If you are designing for multiple cultures or for the whole world, like Facebook is, you need to research diversity. You don’t design just for your own kind of people. For example: Facebook noticed whole continents were struggling to use their product. They went out and researched why. They found out that in some continents it costs people an entire month’s salary worth on internet costs just to download the app. That explains why those people didn’t use the product! So Facebook launched “Facebook Lite”. A Facebook app made for countries with limited access or very expensive internet. This product went from 0 users to 300 million users in 3 years’ time. This would have never happened if they hadn’t acknowledge that different live in different contexts, or for different reasons and had researched it. So talk to your users and consider feedback a gift.

Another important thing is to be able to decide not to go through with an idea. Many people have trouble making the decision to stop and keep on going for the wrong reasons. If your problem isn’t a problem for enough people or you are not the right person to solve it or the technique doesn’t allow you to solve it properly or …. whatever reason. You must be prepared and bold enough to acknowledge your idea is not worth pursuing.

And what is the relevance of big data? When you have a lot of information, you first need to have defined specific questions you want answers to. Otherwise all the data in the world has no value.


Of course there were questions about how to get a job at Facebook 🙂 Jasper explained the process. You can apply very simple and you don’t need a diploma. You have to ‘pass’ three 45-minute phone calls to get invited for a full day of workshops and sessions with colleagues. Also this day you will have to pass. They only hire the ones just as smart or even smarter than themselves. It’s a tough process. This hiring process (which Jasper helped build) asks you to show your skills.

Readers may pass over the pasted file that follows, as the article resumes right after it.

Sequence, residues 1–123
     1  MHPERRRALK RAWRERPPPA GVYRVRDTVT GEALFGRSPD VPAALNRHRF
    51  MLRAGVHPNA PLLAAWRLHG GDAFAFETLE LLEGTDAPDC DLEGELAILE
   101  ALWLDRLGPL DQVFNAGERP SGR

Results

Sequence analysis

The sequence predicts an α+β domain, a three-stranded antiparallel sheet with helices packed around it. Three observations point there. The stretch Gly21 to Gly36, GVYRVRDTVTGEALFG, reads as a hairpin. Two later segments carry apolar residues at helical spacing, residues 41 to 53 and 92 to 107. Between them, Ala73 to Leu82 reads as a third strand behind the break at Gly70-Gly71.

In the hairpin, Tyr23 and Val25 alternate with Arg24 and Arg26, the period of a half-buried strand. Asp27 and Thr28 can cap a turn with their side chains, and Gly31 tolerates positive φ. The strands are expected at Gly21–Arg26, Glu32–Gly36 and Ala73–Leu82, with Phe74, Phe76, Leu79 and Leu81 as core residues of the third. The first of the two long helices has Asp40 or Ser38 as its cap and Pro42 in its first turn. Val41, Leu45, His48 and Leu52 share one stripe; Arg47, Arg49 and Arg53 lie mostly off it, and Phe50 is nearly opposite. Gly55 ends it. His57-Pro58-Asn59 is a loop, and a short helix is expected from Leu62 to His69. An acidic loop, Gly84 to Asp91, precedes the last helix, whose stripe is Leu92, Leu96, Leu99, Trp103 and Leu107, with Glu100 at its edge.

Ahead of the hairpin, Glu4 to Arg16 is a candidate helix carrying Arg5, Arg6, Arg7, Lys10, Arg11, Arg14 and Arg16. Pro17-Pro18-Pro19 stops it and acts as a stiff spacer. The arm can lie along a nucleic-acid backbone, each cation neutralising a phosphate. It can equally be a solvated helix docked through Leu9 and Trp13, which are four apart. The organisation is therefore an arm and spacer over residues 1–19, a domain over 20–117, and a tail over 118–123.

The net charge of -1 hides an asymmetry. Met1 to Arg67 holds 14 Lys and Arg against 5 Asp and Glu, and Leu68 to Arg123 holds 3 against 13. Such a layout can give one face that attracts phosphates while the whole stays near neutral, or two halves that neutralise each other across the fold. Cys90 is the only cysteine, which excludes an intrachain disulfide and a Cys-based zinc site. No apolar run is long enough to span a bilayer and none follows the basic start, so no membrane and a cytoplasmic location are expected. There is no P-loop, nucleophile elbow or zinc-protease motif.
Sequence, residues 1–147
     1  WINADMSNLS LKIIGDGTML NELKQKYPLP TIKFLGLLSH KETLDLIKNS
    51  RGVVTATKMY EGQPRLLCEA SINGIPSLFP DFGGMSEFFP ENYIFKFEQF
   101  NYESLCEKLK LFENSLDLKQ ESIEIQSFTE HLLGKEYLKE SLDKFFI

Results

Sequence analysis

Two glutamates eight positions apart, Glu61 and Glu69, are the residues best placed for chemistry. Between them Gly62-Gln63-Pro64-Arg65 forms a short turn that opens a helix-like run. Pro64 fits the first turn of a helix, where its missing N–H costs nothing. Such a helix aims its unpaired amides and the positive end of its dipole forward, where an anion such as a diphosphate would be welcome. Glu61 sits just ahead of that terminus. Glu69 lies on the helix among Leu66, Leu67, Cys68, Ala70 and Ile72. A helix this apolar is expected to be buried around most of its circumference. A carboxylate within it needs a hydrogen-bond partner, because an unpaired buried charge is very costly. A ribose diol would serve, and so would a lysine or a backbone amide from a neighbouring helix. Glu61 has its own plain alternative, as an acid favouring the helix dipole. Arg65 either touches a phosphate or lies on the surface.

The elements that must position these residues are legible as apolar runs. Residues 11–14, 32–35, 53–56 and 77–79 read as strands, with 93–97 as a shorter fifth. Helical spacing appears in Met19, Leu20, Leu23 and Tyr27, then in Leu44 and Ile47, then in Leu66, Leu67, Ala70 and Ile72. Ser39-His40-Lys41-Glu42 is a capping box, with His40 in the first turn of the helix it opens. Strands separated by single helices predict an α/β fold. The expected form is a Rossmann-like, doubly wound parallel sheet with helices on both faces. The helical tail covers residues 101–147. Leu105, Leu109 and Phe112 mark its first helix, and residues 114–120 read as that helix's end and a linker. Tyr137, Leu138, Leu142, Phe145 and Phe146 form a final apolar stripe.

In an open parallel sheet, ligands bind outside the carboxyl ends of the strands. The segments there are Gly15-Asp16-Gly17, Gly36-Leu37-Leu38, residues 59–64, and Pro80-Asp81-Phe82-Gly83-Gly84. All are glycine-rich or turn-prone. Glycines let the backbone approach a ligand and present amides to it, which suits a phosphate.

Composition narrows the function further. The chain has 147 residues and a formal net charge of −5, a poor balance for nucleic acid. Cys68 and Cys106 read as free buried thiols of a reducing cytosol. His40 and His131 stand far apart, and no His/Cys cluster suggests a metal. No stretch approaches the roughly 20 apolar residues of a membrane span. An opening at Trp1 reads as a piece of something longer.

We also learned about the organisational structure of Facebook, which is the same as almost every other Silicon Valley company. There are three main disciplines: project management, engineering and designing. Each is equally responsible for the the product, for the decisions and for its success or failure. To be able to work so freely, you need a top that supports this autonomy of its employees. And you need the best of the best doing what they love to do!


Jasper loves to share what he has learned in Silicon Valley and wishes more people would come back to spread the skills and knowledge they have learned overseas. He feels it’s a shame not enough people do that.

After Jasper’s presentation and the questions we enjoyed some of Valtech’s wine, beer and other soft drinks with snacks. The discussion with each other and with Jasper continued until we actually had to leave the building. It was a great meetup. Thanks to everybody for joining a good conversation!